The Six Nations Championship is always hyped up before the first whistle is blown, and it doesn’t always deliver. This year it did deliver from the very start. A one-sided…

The Six Nations Championship is always hyped up before the first whistle is blown, and it doesn’t always deliver. This year it did deliver from the very start. A one-sided demolition in Dublin of last years champions, a nail biter at Murrayfield that had everything, and a promising performance from the perennial basement team in Paris.

If you only looked at the results you would probably say that the five-horse race is now down to four. While that is possibly true, I still would not write off Wales. England could have / should have won against Scotland, but the outcome was not a surprise, and Wales can’t be so poor in both attack and defence this week.

Ireland got the proceedings off to a fast start opening with a fast-paced game attacking wide as soon as they could. Wales probably expected them to keep it tight so had flooded the close quarters of the collision, sacrificing the wings. With the change in game-plan by Ireland catching Wales out, there was only going to be one winner. Wales will be thankful that the Irish were occasionally proliferate in attack or the outcome could have been much worse.

In Edinburgh, England had most of the possession and territory and most time in the opposition 22, but came away with a loss. While England never really cut Scotland open, they did score from their one piece of quality play, they will still be disappointed not opening up with a win. That should not take away from Scotland, who had a 98% success rate in the tackles, not allowing England to get a stranglehold on the game, when they were in the ascendancy. It was a game that Scotland would previously has lost, so to grind out a win, when not playing as well as they can, is a habit that should be beneficial going forward. This was a game that Scotland would also have lost if they had been in England’s position with the territorial and possession advantage. This was a victory based on defence, which is a mindset change for Scotland, who in the past has tried to attack from all angles. The two chances they got in the game, they took with aplomb, especially the one leading up to the penalty try award. Finn Russell, has developed into a world class first five since he moved to Paris. He can control games, even when he is playing with slow / sporadic ball. His two kicks to Duhan van der Merwe and Darcy Graham    , were right on the button and was well constructed and executed. As for the award, it was the correct call, and that is not just because it was for Scotland’s benefit. As Nigel Owen said on the BBC, if a try is probable, it is a penalty try! I’ve read people saying, Graham had to catch it, which is true, but he is an international winger so he probably would catch it. The other key consideration with a penalty try is that the player who commits the offence (and it was a clear deliberate push of the ball forward), then that player is removed from the scenario. When this happens, Graham is in splendid isolation to touch the ball down.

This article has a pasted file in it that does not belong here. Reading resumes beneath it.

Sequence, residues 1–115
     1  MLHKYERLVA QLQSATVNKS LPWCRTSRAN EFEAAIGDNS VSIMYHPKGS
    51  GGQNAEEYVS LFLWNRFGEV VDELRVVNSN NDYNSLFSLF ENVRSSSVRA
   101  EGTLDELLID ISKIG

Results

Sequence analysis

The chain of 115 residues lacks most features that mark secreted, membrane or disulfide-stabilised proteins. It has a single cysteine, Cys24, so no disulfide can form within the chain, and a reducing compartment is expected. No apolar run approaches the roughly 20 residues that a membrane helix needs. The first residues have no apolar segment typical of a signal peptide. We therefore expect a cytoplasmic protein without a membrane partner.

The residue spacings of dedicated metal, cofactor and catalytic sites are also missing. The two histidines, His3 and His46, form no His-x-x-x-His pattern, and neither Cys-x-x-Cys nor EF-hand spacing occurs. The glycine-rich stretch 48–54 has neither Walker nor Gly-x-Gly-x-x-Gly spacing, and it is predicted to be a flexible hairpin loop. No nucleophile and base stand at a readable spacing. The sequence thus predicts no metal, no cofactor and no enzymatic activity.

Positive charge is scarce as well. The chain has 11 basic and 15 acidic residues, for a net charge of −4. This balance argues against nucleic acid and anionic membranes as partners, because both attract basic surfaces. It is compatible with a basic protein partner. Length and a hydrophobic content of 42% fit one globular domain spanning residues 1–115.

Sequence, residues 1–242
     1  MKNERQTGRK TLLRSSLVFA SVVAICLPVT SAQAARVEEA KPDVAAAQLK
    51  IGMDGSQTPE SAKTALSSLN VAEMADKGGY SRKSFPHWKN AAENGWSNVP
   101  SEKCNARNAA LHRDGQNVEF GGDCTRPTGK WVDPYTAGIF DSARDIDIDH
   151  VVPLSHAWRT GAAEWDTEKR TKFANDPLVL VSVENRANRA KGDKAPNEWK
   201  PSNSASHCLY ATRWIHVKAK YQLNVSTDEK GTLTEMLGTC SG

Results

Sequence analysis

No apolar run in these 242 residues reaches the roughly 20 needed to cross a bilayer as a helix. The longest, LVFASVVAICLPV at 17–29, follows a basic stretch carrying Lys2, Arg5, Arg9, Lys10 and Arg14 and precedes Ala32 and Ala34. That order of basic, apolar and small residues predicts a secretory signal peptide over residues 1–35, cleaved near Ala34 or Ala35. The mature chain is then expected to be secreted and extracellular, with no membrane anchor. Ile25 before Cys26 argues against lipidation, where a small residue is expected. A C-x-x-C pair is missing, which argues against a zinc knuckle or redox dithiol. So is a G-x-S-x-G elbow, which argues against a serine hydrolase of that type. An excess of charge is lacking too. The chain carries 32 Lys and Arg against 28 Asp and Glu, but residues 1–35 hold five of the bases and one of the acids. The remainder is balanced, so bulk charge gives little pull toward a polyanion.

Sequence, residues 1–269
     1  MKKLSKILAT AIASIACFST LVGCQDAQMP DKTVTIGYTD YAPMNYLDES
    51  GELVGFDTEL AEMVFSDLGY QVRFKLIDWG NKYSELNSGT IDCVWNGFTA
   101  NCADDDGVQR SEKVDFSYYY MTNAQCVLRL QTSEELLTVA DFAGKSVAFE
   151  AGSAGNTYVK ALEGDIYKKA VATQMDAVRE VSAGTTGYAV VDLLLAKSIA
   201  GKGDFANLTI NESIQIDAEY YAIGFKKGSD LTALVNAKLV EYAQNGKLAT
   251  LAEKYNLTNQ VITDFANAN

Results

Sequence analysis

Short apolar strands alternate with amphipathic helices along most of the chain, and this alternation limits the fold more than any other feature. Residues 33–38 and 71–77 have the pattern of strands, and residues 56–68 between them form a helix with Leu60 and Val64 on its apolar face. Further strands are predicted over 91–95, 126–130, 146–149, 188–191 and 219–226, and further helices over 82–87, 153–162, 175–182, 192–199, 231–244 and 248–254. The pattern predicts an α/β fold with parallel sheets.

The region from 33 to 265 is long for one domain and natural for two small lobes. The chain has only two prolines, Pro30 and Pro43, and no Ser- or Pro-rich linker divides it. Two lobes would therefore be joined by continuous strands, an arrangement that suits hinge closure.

As for this weekend’s matches, it throws up very interesting match ups. Two unbeaten sides meet, as do two of the defeated sides.

The weekend starts in Cardiff, where a wounded Wales entertain Scotland. This is the most difficult match to predict. Wales cannot be as bad again, and backed with a partisan Cardiff crowd, they will be a stern test for the visitors, who will want to build on last week to secure their first win in Cardiff since 2006. The question for Wales is their defensive system. They played it tight against Ireland expecting a crash ball in the first phase. Ireland went wide quickly and often, which is what would be expected of Scotland. How Wales adjust will be key, as I expect Scotland to vary it, since they’ve selected Sione Tuipulotu at second five-eighth. It is very hard to call, but I will follow my pre-tournament prediction and go for a Welsh victory by five.

Next up is across the channel in France as they entertain Ireland. This will be a good guide to whether Ireland were really good, or Wales assist them in their performance, and whether Italy are making positive growth, and France showing their class in victory. This will be a true test for both teams, and I think that the winners will be favourites for the championship. I think that it will be very tight, but with how advantage (similar to Cardiff), I take France to win, just… by three points.

The Sunday game, I would have said last week would be a formality. It probably will be, but the performance by Italy, and the poor game management by England, puts a slight edge to the game. Was the Italian performance, a steppingstone for progression, or just a hard-working achievement? Was England’s performance (or the top three inches as they say), cause for concern, or just a blip when the stars aligned for Scotland. I think it was the latter. 

My prediction is that England will redeem themselves and win comfortably by 22 points.

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